Lesson Plan 2: Roman names

Roman names lesson plan by Nicole Wellington
Download lesson plan as a PDF

(This is a 15-20 minute activity, with a possible extension.)

I. Consider these discussion questions:

  • What does your name mean to you?
  • How do you feel when you see your name written somewhere?
  • How do you feel when you see your name or do not see your name on different souvenirs (i.e. keychains, stickers, ornaments)?
  • Why do you think people use graffiti to write their names on desks, walls, bridges, etc.?

II. Discuss Roman naming conventions. See Roman Nomenclature by Prof. Rebecca R. Benefiel. For example,

  • Romans had a different number of names depending on their status (free, freed, slave) and gender (female, male).
  • Slaves had a single name. Male citizens might have as many as five parts to their name. Women had between one and three elements for their names.
  • Learn more about the praenomen, nomen, filiation, tribal affiliation, and cognomen here.

III. Have students choose a Roman nomen. You can use the list below (or download this longer list). Students can add on the other pieces of their name, according to whether they have chosen a male or female name.

  • Drusilla, Flora, Terentia, Marcella, Scribonia, Valeria, et cetera
  • Marcus, Sextus, Cornelius, Iulius, Calpurnius, Clodius, et cetera

  • Have students make observations about the endings of the female names and the male names. This can lead to a discussion of gender of Latin nouns.
  • For female names, have students discuss why women were defined by their fathers’ names. (Roman women did not change their name when they married.)

IV. Check out these graffiti from Herculaneum featuring names.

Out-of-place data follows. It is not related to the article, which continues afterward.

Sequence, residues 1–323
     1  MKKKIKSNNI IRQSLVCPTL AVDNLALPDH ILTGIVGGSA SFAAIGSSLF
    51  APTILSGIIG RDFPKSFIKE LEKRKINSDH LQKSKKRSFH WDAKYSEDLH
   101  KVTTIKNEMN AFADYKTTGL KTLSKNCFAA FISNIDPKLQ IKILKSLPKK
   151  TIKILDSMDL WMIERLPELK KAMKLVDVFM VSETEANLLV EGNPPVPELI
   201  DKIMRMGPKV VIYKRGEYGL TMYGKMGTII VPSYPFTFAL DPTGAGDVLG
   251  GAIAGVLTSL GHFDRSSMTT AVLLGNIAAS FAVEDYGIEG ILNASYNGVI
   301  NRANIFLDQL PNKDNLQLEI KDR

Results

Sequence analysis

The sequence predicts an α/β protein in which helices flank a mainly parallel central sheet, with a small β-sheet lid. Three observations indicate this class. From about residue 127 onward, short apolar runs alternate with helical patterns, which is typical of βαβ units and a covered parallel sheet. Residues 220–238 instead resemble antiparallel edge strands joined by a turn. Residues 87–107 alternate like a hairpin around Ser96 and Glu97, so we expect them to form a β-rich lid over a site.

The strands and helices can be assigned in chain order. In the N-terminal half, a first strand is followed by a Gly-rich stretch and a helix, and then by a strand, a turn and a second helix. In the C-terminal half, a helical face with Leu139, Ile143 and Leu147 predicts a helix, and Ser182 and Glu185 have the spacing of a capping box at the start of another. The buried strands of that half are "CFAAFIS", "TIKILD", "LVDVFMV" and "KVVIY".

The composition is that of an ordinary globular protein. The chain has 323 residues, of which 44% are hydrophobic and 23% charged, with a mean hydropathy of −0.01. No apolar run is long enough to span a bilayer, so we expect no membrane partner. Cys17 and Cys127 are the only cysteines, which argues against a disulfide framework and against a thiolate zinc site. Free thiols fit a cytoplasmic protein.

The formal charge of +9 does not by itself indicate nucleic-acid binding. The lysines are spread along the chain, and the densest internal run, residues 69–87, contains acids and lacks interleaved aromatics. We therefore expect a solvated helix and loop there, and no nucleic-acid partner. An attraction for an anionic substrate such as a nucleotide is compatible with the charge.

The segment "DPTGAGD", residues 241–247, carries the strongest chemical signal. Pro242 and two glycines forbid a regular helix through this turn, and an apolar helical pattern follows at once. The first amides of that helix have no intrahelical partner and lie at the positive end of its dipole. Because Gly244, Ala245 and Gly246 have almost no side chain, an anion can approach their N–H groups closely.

CIL IV 10620 : Bucolus

CIL IV 10703 : Marcus

AGP# 156980 : Sabina

CIL IV 10532 : Faustus and Nothus, written in the shape of boats

CIL IV 10655a : Silentiolus, written in the shape of a boat

See if students can figure out what the names are using the alphabet graffiti conventions here. It may help to print this out for students. It would be a great idea to have a laminated (if not laminated, then placed in a plastic protective sleeve) classroom set of these sheets to use for graffiti lessons.

Extension Activity

When students have chosen their Latin names, have them write their names on the classroom “graffiti wall.” The classroom graffiti wall can be a bulletin board covered with Kraft paper. Have students choose an alphabet from the alphabet conventions sheet (see Lesson Plan 1) and use that alphabet to write their name with a black sharpie. It is good for students to make mistakes and cross them out, as this is how it happened with real graffiti. If you have made plaster of Paris pieces for your students, have them scratch their Latin names with their stylus.